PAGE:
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Leaving the EU: Defence and Military Aerospace Industry

Volume 644: debated on Monday 9 July 2018

7. What assessment he has made of the effect on the UK defence and military aerospace industry of the UK leaving the EU. (906319)

11. What assessment he has made of the effect on the UK defence and military aerospace industry of the UK leaving the EU. (906323)

24. What assessment he has made of the effect on the UK defence and military aerospace industry of the UK leaving the EU. (906336)

The Ministry of Defence is working closely with the defence industry to understand the implications and opportunities presented by our departure from the EU. We will continue to work with our allies and partners on the development of the capability that we need to keep us safe, and much of this already takes place outside an EU framework. The UK defence industry is globally competitive and I am confident it will continue to thrive in the future.

The EU Galileo satellite navigation system is vital for Britain’s future defence capacity. What discussions has the Secretary of State had with the Chancellor of the Exchequer on the finances required for an independent system in the event of a post-Brexit exclusion from this EU project?

I am glad to say to the hon. Gentleman that a cross-governmental group is looking into this issue to ensure that we are prepared for the possibility of having to build an independent system for the United Kingdom, but I repeat from the Dispatch Box what I have said previously: our preference is to remain involved in the Galileo project. To exclude the United Kingdom from the project would harm the project and do nothing to enhance the defence of Europe or the United Kingdom.

People in Bristol working in the defence and aerospace industry and its supply chain are worried sick about their future if Airbus leaves because of Brexit. The industry supports thousands of jobs across the country, so why can the Government not reassure trade unions and the employers that there is a clear plan for this sector? What have they got against people in the aerospace and defence industry?

I do not think that this Government have anything against the aerospace industry. Indeed, the combat air strategy, which was announced by this Department recently, is a sign of our confidence in a world-beating aerospace sector. I will be very pleased when the completion of that work on our new combat air strategy is announced, as it will highlight what this country has to offer. I can assure the hon. Lady that other countries in Europe are very keen to work with us on that combat air strategy.

Given the importance of future co-operation with the EU on a multitude of defence and security issues, will the Minister confirm when the Secretary of State intends to hold a bilateral meeting with Federica Mogherini, the EU High Representative?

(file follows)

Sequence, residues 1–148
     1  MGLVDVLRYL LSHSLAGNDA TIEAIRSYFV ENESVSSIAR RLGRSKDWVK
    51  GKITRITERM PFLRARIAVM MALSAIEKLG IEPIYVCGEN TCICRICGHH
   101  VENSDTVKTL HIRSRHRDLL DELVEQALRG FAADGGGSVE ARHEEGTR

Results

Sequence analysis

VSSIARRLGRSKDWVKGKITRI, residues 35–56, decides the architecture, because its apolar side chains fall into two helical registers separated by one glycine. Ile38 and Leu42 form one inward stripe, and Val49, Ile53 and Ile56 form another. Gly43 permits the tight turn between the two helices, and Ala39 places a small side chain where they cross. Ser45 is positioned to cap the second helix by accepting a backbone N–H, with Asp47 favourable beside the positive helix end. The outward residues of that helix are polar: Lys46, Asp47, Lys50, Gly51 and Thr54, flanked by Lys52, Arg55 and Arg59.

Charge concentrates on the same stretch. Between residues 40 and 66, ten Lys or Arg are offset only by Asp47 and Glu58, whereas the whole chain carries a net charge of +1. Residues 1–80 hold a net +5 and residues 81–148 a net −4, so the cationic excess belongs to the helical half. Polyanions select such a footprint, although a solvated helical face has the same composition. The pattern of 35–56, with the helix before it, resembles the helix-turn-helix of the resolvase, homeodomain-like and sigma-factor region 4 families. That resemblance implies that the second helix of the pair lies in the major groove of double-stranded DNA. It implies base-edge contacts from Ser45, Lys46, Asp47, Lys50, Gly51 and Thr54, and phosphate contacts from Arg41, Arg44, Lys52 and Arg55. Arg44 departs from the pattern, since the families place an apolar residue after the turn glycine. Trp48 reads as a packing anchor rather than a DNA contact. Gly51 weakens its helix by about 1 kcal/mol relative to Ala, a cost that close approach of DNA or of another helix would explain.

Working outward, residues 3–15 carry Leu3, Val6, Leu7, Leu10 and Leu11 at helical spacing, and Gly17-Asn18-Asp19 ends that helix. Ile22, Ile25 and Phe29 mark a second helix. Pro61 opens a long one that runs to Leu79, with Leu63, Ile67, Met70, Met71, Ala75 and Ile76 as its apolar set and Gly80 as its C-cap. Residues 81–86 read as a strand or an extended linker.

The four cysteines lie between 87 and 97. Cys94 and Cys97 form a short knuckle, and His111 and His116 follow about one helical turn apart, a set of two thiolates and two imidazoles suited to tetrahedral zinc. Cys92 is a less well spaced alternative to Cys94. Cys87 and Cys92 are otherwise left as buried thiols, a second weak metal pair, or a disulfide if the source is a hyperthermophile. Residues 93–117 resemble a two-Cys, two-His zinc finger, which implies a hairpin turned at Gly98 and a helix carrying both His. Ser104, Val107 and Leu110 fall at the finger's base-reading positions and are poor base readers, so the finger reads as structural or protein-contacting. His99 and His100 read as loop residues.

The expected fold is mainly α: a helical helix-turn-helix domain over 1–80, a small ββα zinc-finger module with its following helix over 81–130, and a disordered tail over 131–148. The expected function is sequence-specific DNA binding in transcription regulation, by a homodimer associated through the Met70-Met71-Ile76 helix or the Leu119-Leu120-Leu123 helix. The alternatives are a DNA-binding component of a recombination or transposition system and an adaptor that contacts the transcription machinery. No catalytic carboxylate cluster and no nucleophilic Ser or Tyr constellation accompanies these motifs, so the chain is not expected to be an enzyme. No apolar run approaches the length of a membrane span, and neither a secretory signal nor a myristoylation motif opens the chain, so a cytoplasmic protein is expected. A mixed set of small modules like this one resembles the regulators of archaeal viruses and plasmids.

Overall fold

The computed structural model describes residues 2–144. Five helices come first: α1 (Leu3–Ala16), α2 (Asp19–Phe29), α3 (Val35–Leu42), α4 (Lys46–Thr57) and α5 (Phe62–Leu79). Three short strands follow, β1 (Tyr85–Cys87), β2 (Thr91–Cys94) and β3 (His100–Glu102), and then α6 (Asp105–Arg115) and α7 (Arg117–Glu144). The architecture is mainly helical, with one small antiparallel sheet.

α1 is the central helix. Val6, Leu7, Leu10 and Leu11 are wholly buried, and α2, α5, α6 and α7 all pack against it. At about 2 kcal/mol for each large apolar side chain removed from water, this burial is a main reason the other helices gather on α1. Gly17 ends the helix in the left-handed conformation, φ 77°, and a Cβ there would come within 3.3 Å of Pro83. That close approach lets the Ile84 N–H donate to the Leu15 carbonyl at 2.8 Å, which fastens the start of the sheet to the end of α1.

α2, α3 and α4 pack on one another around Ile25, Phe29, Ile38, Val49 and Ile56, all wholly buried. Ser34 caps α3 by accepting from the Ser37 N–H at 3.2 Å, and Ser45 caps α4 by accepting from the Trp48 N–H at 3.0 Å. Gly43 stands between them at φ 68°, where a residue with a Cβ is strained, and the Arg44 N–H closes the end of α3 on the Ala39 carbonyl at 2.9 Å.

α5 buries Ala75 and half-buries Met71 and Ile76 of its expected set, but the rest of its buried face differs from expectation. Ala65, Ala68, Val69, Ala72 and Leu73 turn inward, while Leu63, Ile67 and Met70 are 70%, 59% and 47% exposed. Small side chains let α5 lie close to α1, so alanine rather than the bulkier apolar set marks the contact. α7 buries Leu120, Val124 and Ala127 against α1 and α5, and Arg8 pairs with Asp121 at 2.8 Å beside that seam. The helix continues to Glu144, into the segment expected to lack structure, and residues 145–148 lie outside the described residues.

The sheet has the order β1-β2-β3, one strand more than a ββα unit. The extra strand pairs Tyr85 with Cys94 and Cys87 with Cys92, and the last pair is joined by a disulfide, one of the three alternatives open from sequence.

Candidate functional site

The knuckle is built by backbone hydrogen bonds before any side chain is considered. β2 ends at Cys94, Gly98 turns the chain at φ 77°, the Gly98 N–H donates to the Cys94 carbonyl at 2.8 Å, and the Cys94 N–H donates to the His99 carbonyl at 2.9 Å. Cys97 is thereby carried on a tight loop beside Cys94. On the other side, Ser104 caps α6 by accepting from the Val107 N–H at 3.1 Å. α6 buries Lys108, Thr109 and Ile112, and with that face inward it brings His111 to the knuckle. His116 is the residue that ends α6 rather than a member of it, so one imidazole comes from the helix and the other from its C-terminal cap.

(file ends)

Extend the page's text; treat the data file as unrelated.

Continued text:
I will write to the hon. Gentleman about the meeting between the Secretary of State and the individual from the Commission whom he named. I have to say that I have also been in Brussels recently with regard to this issue. It is clear from our perspective that we want to be involved with European defence firms. We would also like to be involved with the European Defence Agency, but the way in which this has been put together by the Commission makes that very difficult, because the third-country offer being made to the United Kingdom would not be beneficial to our position at this point, so there is still a lot of negotiation to be done. None the less, we are very, very clear that we would like to be involved in these projects.

Does my hon. Friend agree that the £20 billion Australian frigate order is yet another example of the confidence that there is in the UK defence industry as we leave the European Union?

It is, undoubtedly, a fantastic good news story for the United Kingdom. As I have said, it is the first time that we have exported a warship design in more than 40 years, and great credit should be offered to the teams at BAE and across Government who have worked so hard to ensure that that happens. It is a great success story for our industry and for the United Kingdom.

Major defence companies are clearly deeply concerned about the effect of this Government’s Brexit policy on their operations in the UK. Rolls-Royce has started to move some functions to Germany while the chief executive of Airbus has said that the Government have

“no clue on how to execute Brexit without severe harm.”

Given that the man who was meant to be leading the UK’s approach to Brexit has now resigned because he has no confidence in his own Government’s approach, how on earth can business trust that this divided Government will deliver a Brexit deal that protects jobs and the economy?

The chief executive of Airbus made very similar comments back in January, but he would also be very pleased with the plans that were announced by the Prime Minister at the Chequers meeting. The key thing is that defence industries in the United Kingdom are confident—they have larger order books and they are winning contracts for the first time in generations in some countries. On top of that, I am also in regular discussions with defence companies in other parts of the world, which are very keen to invest in the United Kingdom.